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Welcome to the Greenwood.Net Curiosity Corner

Contrails and the Atomosphere

Jul 02, 2020

Curiosity Corner
Dr. Jerry D. Wilson,
Emeritus Professor of Physics
Lander University

Question: Why is it that sometimes jet airplanes leave vapor trails (the white trails of smoke), and other times they don’t? (Asked by a curious sky watcher.)

Reply: Well, I see you have your eye on the sky! First, the vapor trails, or “contrails” (short for condensation trails) aren’t smoke. As the latter name implies, they result from condensation. The main products from the combustion of jet fuel (hydrocarbon fuel) are carbon dioxide and water vapor. The exhaust contrails generally occur at 26,000 feet above sea level, where the temperature is around -40 degrees Fahrenheit. It’s also -40 degrees Celsius, so take your pick; this is the temperature at which Fahrenheit and Celsius readings are equal.

The cold temperature quickly cools the water vapor to the saturation point (where condensation occurs) and the vapor condenses into tiny water droplets, which quickly freeze into ice. As the plane continues on, a trail of these ice crystals are formed behind. However, when planes are flying at lower altitudes where it is not cold enough for condensation to occur, you won’t see them.

The atmosphere is an interesting place. It is divided into layers based on temperature. We live in the troposphere (from the Greek tropos, meaning “change”). The temperature decreases with altitude in the troposphere up to about a height of 10 miles, where it can be anywhere from -50 degrees to -60 degrees Fahrenheit. The atmospheric conditions of the lower part of the troposphere where we live are referred to collectively as “weather,” which indeed is subject to change.

Above the troposphere is a layer in which the temperature increases, decreases and then increases again with altitude: the stratosphere (from the Greek stratum, meaning “covering layer”). Together, the troposphere and the stratosphere account for 99.9% of the atmospheric mass. There is concern about high-speed jet planes that fly in the lower atmosphere. There is no “weather” in the stratosphere, and exhaust hydrocarbons are not washed back to the earth as in the troposphere, so it poses a pollution problem.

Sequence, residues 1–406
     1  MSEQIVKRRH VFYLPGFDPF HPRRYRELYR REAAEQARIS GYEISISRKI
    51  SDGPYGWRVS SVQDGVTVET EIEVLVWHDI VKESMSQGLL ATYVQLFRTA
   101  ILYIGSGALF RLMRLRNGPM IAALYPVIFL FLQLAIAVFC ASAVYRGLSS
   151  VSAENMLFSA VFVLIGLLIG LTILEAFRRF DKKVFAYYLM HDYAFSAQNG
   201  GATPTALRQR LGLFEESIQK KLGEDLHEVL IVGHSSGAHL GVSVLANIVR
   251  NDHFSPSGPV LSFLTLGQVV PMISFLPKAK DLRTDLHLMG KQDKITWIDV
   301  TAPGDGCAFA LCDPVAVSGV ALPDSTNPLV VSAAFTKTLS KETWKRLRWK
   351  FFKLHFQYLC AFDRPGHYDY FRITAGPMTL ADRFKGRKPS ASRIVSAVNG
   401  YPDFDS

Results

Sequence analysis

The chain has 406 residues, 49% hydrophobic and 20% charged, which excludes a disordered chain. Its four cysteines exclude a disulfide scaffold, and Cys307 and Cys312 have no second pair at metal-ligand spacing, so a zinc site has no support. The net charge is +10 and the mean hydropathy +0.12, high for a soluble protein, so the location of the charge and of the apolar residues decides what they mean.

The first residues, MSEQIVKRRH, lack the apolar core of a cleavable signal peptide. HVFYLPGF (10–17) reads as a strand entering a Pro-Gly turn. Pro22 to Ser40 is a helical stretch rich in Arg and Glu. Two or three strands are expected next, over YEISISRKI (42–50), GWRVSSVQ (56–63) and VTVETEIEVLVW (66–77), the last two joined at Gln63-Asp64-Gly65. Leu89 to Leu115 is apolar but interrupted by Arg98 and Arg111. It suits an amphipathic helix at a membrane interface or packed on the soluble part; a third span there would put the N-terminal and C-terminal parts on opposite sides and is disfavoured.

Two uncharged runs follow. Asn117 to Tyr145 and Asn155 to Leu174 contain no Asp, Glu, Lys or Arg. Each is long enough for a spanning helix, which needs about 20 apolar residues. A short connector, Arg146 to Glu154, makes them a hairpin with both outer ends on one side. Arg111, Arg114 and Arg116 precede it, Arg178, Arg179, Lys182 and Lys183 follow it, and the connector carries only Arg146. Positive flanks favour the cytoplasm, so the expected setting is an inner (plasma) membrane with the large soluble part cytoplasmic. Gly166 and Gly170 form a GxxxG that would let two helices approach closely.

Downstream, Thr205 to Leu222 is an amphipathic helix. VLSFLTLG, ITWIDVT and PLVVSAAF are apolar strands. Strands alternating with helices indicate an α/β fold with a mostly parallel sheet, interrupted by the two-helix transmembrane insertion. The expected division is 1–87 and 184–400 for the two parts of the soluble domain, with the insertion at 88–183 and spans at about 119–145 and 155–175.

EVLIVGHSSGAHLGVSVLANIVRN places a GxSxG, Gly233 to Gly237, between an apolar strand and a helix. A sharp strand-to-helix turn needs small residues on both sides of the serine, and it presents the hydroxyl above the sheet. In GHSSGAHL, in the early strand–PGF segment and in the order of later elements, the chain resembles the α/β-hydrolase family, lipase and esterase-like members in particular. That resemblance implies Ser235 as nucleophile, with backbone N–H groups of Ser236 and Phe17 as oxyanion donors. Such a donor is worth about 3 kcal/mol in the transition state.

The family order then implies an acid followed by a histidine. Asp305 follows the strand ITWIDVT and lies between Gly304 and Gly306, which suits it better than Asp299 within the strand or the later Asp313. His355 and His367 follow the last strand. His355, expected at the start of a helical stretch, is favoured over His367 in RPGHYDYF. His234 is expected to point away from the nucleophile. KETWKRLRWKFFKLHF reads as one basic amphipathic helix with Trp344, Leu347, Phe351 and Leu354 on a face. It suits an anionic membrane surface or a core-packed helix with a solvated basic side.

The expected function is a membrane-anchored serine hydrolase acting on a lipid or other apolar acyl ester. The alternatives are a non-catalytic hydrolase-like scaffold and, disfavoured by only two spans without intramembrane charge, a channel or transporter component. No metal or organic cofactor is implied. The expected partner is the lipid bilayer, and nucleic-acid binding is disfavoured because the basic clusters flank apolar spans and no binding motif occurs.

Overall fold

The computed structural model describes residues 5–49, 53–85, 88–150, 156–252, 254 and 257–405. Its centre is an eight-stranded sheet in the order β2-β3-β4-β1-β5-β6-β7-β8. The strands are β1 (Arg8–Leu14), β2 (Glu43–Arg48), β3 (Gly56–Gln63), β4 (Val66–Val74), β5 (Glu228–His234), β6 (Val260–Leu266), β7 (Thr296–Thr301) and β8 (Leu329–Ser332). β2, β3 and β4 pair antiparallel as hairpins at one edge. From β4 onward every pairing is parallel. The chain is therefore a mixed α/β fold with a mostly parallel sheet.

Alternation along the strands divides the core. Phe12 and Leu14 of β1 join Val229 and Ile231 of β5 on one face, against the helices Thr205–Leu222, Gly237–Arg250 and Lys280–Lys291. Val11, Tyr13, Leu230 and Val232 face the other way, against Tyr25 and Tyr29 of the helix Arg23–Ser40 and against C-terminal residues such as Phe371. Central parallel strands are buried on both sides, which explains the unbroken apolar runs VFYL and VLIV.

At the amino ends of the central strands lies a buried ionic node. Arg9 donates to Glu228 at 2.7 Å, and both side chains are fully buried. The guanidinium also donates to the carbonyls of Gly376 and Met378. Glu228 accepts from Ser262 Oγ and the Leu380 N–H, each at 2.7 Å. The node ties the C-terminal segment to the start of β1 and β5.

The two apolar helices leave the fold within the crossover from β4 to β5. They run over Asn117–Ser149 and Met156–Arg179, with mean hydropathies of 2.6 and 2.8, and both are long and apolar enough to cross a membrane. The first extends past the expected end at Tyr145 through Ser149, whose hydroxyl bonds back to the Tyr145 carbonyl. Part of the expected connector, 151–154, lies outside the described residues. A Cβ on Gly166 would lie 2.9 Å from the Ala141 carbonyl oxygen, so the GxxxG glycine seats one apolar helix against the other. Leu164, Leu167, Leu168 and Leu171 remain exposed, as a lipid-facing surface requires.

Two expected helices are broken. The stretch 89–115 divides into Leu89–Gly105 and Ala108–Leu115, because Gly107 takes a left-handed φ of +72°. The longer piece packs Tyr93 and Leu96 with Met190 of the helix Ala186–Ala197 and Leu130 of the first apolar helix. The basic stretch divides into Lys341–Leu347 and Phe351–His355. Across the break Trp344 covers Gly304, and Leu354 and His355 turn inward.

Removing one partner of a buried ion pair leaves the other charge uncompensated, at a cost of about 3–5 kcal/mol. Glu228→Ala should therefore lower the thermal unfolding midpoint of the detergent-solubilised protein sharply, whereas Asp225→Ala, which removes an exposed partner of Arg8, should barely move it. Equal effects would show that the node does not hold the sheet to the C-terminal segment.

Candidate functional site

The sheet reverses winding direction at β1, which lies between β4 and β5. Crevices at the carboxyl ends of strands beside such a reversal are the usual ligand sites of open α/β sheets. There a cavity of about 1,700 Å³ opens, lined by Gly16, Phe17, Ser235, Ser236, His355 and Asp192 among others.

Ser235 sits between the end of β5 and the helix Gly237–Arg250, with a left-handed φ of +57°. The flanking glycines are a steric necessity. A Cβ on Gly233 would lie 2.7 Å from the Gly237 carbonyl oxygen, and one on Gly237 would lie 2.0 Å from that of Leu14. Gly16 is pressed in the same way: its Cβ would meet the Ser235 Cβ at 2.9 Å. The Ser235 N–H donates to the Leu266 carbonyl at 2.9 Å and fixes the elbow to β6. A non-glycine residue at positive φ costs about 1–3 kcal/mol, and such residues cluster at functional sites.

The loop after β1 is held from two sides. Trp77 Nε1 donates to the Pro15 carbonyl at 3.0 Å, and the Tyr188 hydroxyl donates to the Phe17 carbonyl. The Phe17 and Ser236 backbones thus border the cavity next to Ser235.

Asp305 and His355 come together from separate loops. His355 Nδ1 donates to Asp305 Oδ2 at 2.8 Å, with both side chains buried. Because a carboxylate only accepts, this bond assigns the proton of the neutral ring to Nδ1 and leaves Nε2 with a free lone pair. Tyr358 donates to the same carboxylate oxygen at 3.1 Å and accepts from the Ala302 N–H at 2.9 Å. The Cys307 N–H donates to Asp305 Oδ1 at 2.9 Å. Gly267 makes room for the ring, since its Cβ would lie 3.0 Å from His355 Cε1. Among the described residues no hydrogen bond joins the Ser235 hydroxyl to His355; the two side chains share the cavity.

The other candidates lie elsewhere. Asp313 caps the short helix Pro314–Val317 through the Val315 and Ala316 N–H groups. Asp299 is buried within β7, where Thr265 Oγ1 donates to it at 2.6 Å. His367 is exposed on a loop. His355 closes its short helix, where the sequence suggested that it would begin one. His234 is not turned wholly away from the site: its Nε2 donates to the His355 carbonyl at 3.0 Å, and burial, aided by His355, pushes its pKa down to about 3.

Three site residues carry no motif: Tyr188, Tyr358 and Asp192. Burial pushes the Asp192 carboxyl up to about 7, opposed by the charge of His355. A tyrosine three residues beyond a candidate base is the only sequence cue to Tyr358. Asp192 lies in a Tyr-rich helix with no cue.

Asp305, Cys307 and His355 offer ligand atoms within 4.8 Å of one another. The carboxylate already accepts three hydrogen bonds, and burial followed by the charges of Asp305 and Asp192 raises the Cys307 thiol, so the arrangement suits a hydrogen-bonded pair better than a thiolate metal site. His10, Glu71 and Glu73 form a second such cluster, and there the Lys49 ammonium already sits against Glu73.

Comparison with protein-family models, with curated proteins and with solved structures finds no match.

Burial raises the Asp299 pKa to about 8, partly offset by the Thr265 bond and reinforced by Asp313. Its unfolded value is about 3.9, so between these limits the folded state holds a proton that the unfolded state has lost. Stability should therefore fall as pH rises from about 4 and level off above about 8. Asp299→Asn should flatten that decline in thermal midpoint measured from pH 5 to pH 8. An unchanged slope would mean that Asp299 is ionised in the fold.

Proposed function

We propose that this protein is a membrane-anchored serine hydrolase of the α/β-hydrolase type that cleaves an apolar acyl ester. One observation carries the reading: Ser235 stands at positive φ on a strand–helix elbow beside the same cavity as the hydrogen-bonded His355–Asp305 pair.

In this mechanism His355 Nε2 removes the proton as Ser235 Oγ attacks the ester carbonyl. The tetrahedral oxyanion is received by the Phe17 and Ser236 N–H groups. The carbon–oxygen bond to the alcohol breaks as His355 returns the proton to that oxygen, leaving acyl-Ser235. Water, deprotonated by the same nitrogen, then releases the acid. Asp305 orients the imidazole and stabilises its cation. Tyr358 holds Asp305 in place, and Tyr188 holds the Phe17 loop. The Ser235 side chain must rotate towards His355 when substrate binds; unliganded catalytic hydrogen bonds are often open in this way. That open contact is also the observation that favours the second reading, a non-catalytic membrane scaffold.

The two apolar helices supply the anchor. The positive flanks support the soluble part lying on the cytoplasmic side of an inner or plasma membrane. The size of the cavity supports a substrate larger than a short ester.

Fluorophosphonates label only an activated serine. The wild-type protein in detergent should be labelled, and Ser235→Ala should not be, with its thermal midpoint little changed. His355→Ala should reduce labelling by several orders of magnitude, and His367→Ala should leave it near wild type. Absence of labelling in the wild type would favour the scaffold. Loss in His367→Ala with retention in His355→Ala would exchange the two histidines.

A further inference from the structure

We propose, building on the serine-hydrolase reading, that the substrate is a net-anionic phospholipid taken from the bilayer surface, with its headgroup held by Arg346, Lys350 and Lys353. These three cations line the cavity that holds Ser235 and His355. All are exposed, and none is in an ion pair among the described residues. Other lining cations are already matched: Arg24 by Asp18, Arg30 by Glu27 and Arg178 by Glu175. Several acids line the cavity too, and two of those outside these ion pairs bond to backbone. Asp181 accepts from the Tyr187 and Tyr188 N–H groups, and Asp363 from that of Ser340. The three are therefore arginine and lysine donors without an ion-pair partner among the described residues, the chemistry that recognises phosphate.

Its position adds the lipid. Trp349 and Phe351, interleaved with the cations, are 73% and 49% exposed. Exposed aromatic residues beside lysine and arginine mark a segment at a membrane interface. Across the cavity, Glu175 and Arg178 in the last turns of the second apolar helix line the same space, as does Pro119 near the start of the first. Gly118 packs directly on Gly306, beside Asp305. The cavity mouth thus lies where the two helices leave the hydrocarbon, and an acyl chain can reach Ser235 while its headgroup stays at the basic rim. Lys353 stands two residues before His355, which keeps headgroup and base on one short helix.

If the temperature in the stratosphere increases, then decreases, there must be a region of warming temperature... and there is! It’s called the ozone layer. At about 20 miles up, the ultraviolet (UV) rays from the sun and the oxygen concentration are just right for the disassociation of the oxygen (O2) into the ozone (O3), which forms a relatively warm ozone layer. This ozone layer in the stratosphere acts as an umbrella that shields life on Earth from harmful UV radiation by absorbing most of the short wavelengths. The portion of UV that does get through the ozone layer is that which burns and tans our skin in the summer (which in excess may cause skin cancer). Were it not for the ozone layer absorption, we would be badly burned and find the sunlight intolerable.

So now you can understand why chlorofluorocarbons (CFCs) that were used as refrigerant gases were banned some years ago. The CFC gases would escape (think of how many refrigerators are in operation) and drift upward to the ozone layer, where it would combine with the ozone and destroy it. You may be somewhat familiar with the gas. Ozone may be formed around electrical sparking discharges and can be detected by its distinct, pungent smell from which it derives its name: the Greek ozein, meaning “to smell.”

There, you’ve had your lesson on the atmosphere today.

C.P.S. (Curious Postscript): “If you think practicing what you preach is rough, try preaching what you practice.” –Bowen Baxter

Curious about something? Send your questions to Dr. Jerry D. Wilson, College of Science and Mathematics, Lander University, Greenwood, SC 29649, or email jerry@curiosity-corner.net. Selected questions will appear in the Curiosity Corner. For Curiosity Corner background, go to www.curiosity-corner.net.

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